A complaint hotline is an open line of communication that identifies problem units and allows the host to address and correct the problem to reduce or eliminate the need to involve law enforcement. Our Host Compliance software includes a 24/7 hotline that allows neighbors to report, prove, and resolve non-emergency STR-related problems in real-time, any day or hour. Appoint a local contact person—who will also be available 24/7—to address the reported problematic guest behavior issues. Include a pre-determined number of complaints allowed at one address (three, for example) before the matter is escalated.  

Contrary to popular belief, the fear of false or overblown complaints made by hyper-aware, “curtain-twitching” neighbors statistically don’t happen as often as you might think. These hotlines have proven very effective. 

#5. Smart STR programs prioritize long-term rentals.  

Discourage gentrification or other negative impacts on housing in your area by prioritizing long-term renters in your ordinance. Primary residence- and owner-occupancy-led ordinances are great because they build-in host accountability while also allowing people to participate in the STR market.  

However, refrain from the use of the blanket “primary dwelling stipulation” so you don’t miss out on the potential of detached accessory dwellings also known as in-law suites that provide extra income for residents and added tax benefits for municipalities. 

#6. Having clear noise, trash, and parking rules will bring peace to your community.  

Include stipulations for noise, trash, and parking in your ordinance by requiring that hosts communicate those rules to guests either in the advertisement for the unit and/or using in-unit signage. Many responsible hosts have signage that indicates trash day, emergency numbers, parking rules, etc. 

#7. Clear safety guidelines are imperative.  

Instead of merely requiring hosts to attest to meeting all the necessary safety standards, we recommend you require an inspection from a certified safety inspector to evaluate each rental and ensure it follows basic living and safety standards. Compliance with state and federal regulations should be established by the issue of a warranty of habitability.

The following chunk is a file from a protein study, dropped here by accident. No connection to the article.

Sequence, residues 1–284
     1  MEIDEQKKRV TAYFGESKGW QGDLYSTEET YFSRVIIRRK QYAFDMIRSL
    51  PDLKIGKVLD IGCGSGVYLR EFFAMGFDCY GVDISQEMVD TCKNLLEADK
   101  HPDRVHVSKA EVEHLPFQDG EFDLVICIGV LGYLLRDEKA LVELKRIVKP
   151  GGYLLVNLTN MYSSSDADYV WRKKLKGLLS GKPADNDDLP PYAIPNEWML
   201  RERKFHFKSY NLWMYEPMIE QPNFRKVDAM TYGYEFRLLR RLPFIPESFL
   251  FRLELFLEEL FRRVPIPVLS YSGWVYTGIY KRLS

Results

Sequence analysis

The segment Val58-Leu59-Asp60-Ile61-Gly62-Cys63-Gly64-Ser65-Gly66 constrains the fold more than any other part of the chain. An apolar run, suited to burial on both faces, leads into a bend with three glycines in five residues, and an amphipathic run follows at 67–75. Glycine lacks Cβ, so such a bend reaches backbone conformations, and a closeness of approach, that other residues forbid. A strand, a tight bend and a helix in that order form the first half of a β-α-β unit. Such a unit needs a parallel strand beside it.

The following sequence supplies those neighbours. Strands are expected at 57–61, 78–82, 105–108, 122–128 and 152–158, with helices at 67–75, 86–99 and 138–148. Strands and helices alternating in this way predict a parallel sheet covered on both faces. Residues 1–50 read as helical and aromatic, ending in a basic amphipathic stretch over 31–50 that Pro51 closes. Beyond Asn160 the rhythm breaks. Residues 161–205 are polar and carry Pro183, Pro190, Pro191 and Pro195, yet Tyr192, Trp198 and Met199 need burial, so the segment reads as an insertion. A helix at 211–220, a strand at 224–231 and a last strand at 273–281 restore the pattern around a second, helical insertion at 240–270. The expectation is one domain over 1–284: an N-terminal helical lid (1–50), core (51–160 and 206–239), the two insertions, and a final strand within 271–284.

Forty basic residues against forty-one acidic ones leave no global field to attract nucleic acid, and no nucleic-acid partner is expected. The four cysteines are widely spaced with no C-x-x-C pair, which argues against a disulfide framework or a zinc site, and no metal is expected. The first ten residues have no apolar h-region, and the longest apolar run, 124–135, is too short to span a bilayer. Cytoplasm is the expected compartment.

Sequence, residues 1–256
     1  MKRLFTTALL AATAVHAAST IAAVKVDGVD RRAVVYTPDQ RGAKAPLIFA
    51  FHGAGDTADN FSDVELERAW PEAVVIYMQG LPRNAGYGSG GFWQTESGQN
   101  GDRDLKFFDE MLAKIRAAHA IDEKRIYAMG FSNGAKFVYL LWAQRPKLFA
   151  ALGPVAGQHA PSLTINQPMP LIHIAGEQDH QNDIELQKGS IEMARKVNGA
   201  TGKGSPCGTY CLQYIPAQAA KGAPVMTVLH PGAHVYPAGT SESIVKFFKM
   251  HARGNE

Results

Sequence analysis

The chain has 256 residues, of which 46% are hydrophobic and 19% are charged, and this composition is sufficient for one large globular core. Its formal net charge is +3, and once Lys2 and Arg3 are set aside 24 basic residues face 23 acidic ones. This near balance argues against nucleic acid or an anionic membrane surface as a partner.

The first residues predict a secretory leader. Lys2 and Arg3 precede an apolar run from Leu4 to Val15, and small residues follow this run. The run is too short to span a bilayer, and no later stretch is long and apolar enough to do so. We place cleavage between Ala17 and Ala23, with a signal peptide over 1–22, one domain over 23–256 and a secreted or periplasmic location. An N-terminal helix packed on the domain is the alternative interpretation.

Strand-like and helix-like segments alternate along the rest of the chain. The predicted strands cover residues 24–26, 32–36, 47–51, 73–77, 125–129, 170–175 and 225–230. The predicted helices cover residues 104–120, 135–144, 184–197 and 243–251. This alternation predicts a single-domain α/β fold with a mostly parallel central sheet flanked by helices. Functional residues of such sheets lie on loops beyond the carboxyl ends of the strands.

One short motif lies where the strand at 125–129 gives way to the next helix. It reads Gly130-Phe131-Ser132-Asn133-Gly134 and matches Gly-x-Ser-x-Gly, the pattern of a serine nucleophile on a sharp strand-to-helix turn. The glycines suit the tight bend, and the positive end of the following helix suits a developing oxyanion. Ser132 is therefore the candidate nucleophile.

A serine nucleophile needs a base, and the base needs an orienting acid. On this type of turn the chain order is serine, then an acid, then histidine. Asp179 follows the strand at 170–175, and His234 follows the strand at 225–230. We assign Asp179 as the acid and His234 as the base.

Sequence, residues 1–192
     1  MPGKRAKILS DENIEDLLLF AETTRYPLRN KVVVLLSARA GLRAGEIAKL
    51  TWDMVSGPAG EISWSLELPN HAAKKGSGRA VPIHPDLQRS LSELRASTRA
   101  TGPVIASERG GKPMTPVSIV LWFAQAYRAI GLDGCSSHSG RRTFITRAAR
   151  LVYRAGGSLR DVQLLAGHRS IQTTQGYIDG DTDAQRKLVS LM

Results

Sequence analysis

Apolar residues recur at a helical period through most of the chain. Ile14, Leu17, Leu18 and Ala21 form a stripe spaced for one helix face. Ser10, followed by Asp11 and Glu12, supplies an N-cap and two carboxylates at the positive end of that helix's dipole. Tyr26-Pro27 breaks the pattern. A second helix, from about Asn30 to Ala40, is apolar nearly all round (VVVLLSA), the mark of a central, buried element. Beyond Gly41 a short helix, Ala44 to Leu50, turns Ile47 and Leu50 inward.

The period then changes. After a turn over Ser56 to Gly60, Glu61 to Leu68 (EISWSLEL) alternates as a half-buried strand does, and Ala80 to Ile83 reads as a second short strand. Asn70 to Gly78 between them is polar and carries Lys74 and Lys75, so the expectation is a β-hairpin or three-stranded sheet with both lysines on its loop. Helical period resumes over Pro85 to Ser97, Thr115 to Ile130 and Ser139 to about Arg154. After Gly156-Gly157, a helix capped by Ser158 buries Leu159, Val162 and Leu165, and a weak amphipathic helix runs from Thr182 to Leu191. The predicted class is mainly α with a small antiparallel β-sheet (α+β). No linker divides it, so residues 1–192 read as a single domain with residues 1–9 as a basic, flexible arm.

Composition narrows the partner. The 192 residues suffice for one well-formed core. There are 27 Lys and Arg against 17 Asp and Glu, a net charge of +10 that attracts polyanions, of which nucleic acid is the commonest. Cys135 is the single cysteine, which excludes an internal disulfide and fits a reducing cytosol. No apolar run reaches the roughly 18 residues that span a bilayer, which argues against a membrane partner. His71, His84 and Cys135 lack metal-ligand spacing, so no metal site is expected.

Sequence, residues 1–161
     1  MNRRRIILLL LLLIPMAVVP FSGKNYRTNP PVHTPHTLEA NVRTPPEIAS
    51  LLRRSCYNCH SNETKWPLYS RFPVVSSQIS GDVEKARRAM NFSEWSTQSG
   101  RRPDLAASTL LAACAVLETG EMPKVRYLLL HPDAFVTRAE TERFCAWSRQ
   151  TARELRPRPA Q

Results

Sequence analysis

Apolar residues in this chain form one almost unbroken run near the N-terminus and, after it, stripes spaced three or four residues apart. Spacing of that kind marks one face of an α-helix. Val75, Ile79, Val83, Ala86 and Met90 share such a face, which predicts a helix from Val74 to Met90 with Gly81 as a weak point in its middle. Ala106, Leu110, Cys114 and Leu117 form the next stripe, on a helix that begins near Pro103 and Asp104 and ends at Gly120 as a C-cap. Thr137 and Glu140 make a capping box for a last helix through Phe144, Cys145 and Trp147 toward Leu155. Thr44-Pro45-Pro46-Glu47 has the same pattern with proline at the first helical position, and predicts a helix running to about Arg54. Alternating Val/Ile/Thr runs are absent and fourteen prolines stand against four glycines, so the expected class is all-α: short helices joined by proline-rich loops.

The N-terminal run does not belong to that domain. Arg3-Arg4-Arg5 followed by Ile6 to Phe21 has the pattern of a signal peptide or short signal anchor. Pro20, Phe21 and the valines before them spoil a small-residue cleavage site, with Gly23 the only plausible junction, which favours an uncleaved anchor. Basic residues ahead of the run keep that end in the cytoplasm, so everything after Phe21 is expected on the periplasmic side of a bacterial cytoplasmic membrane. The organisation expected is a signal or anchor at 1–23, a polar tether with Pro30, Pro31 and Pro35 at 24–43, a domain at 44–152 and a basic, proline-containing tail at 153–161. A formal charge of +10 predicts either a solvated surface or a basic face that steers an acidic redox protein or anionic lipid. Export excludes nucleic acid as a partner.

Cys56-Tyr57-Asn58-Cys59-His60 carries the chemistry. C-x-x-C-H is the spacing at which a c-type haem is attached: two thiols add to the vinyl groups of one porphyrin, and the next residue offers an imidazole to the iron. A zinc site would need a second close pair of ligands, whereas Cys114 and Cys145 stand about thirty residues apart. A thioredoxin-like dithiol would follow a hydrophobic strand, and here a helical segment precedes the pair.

#8. Ambiguity can ruin an ordinance.   

In your ordinance, be clear about all requirements and what will happen in the event of noncompliance. Be proactive. The goal is to create an ordinance that will weed out problems upstream and heighten the probability that everyone participating in the market is participating legally. Of course, it’ll be necessary to be reactive as well, but be fair and prompt (reference tip #4). 

#9. Everyone has a role to play.  

For a good ordinance to be effective, everyone—hosts, guests, neighbors, and the local jurisdiction—has a role to play. A good ordinance will address each player and make their roles clear, as well as the process and purpose for every aspect to work well together. 

#10. Some regulation is better than no regulation.  

Any regulation is better than no regulation. A lack of regulation usually results in more conflict between hosts, residents, and local government. We’ve seen unsavory examples in the news of how things play out when there is no regulation, so it’s better to address the issue (even in a limited capacity) rather than not address it at all. But of course, our recommendation is to develop a sound, thoughtful ordinance that suits the nuances of your community and is nimble enough to iterate as the market evolves. 

To see how Granicus can help you develop, implement, and enforce fair and effective STR rules that address your community’s needs, book a complimentary assessment here.